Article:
The Mechanical Stuff

Underneath, the Huayra is nice and flat with the usual Scalextric features – in-line motor, DPR and easy-change guide. The wheels look to be the standard ‘Euro’ size, so can be fitted with or NSR racing tyres. The Huayra’s rear axle width is nice and wide (61.5mm) and front tyres just touch the surface of my set-up block – both great news for handling.  The underpan is Digital Plug Ready (DPR), meaning it can be easily converted to Scalextric digital using the C8515 Digital Plug or to Carrera Digital132 using the Carson digital conversion chip. These super resistant cars make excellent digital cars.

Three screws (two front, one at the back) attach the body to the underpan. When these are removed and the body comes off, you can see much of the rear end stays on the underpan. The body posts on the underpan don’t have a lip round the edge, which is great for creating body float by loosening the screws one turn.

The mechanicals are pretty standard for a modern Scalextric car – tray interior, easy-fit guide, inline short can motor, plus the magnet just in front of the rear axle. On my DIY magnet gauge, the Huayra measured 45g – which is on the higher end of the scale for recent Scalextric releases. As it’s a super resistant model, there are no lights fitted – but there are mounting points for front and rear light boards on the underpan. There’s also a full cockpit behind the blacked-out windows, so a high-detail Huayra remains an option for Scalextric.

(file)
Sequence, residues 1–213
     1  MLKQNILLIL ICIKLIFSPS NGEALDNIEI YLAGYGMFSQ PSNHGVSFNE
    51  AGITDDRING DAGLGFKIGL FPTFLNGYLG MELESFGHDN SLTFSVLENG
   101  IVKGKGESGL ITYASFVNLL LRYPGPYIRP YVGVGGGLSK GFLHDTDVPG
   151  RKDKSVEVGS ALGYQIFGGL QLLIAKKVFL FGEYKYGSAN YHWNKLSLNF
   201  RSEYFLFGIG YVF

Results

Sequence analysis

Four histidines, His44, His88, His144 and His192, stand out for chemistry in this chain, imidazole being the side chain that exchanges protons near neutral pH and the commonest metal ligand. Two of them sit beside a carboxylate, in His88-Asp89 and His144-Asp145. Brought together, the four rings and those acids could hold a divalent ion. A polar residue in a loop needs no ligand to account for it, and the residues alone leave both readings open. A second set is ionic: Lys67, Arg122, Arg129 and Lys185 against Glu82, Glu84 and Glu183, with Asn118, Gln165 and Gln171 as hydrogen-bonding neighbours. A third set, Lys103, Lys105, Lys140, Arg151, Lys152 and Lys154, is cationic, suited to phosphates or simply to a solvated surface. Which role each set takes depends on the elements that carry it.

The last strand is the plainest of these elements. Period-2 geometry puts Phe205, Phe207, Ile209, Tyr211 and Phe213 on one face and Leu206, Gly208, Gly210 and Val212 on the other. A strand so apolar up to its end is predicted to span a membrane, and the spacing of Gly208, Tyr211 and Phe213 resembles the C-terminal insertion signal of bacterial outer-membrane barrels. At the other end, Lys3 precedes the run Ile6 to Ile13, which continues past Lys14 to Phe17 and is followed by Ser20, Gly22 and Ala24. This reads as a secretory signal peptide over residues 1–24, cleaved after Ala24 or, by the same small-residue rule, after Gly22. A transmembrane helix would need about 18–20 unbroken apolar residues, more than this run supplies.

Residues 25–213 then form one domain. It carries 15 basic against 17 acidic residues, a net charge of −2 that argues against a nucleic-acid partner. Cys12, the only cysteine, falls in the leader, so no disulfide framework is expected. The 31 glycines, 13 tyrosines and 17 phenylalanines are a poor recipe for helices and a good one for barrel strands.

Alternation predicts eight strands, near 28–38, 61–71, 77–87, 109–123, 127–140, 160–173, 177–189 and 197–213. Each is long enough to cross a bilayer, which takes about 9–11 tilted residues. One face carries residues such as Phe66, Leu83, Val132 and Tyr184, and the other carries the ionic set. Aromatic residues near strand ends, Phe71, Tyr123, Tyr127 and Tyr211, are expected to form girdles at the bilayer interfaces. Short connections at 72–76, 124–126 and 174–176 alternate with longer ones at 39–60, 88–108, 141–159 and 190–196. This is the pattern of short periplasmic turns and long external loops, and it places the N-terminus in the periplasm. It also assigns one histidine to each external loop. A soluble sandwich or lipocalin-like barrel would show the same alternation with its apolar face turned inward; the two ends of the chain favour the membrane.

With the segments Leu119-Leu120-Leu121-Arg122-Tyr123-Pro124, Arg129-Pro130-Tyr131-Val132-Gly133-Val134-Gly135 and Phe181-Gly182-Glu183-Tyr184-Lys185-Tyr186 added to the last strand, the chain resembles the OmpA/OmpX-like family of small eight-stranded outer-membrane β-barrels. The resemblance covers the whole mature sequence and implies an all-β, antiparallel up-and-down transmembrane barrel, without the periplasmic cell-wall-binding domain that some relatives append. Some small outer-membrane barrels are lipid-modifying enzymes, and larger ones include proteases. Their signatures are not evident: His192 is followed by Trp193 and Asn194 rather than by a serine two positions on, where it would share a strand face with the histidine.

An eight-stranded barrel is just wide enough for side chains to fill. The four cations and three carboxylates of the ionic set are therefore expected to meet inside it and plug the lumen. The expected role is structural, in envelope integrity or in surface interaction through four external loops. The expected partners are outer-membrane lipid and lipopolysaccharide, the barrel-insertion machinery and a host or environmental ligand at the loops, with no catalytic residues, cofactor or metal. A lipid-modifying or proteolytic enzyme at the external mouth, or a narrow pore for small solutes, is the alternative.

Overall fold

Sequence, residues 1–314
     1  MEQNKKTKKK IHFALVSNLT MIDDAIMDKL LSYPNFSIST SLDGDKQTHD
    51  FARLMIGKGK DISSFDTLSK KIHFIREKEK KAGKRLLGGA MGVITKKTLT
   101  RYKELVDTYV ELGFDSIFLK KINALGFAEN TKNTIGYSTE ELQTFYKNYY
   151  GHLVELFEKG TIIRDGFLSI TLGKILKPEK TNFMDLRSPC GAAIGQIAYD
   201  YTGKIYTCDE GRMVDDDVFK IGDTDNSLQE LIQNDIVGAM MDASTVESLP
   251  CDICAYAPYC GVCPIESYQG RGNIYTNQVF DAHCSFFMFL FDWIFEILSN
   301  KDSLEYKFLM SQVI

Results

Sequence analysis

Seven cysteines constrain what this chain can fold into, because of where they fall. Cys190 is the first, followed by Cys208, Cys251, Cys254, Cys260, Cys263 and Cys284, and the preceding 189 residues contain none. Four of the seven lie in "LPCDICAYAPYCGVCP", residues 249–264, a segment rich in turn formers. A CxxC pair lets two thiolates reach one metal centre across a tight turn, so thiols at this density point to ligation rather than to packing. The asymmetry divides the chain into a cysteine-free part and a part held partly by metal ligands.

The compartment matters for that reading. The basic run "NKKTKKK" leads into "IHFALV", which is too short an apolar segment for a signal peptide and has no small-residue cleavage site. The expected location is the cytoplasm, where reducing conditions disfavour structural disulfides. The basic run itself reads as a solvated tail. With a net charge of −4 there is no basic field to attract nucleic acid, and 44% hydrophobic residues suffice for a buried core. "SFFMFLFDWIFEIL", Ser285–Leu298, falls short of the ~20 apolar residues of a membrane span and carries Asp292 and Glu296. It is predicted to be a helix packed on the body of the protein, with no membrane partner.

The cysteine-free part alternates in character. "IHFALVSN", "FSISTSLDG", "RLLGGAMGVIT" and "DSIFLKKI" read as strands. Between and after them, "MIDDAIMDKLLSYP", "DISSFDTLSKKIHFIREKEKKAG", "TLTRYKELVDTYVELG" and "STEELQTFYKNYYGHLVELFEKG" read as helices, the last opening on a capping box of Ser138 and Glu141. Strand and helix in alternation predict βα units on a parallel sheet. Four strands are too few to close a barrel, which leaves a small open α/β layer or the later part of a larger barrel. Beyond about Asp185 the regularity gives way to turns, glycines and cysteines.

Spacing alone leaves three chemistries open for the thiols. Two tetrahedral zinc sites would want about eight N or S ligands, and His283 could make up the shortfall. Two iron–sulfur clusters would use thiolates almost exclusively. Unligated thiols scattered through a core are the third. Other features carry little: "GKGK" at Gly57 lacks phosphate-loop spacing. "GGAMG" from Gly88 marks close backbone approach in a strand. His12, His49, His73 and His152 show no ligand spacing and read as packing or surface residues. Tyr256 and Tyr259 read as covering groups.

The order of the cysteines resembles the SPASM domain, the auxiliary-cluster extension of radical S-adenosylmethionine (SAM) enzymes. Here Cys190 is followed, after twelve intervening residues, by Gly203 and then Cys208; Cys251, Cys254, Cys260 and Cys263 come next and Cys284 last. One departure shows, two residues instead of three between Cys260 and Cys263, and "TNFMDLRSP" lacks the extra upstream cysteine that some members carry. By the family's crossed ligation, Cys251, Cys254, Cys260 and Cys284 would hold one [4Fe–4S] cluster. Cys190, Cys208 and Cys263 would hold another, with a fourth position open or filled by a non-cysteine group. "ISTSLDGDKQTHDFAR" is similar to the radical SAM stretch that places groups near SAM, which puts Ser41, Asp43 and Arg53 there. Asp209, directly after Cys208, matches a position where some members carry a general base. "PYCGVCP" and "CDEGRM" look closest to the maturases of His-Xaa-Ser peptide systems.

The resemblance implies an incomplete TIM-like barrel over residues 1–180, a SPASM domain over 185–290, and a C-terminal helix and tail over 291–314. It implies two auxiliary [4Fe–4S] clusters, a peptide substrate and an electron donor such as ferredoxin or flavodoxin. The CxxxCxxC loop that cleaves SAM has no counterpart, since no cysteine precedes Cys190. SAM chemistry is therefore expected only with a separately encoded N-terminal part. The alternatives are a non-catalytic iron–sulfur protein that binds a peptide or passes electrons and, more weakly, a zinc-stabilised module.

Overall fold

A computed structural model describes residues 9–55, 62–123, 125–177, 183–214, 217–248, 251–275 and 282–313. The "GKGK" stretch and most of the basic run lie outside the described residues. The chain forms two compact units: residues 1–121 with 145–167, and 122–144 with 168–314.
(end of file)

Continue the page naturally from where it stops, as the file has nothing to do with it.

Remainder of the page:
Track Performance

The Huayra was fast and lively when I put it on my ARC Air Jadlam SL6 test track. It handled nicely, the back stepping out if I pushed too hard in the corners – I much prefer this to the sudden crash & burn behaviour of some of the super resistant cars. Obviously the magnetic downforce was strong – just like the downforce on the real car – and the tyres had decent grip too. Scuffing the tyres (see Part 2 of my Scalextric Tuning series) would improve that grip even more. Overall, I really enjoyed driving the car round the twisty layout.

When I launched the ARC app and started a two-minute timed run, I thought something was wrong. The trigger felt spongy and I was driving at almost full throttle. Had I left Max Power at 75% from a previous session? It turned out I hadn’t – it was 100% with my usual ‘Profile A’ in the Throttle Curve menu. For the Huayra, this would seem an ideal setting for even a beginner driver – and I managed a massive 29 laps and a blistering 3:77 second best lap!

Wanting a more lively car, I changed the Throttle Curve to ‘Profile C’ – the linear setting that is the default on the powerbase without the app running. This gave me the same feel as before – and I really liked it. The car needed a wider range of trigger movement and was hanging on round the corners, plus I was having to control the occasional tail slide. In two minutes I cracked 30 laps (hurrah!) and bagged a best lap time of 3:78 seconds.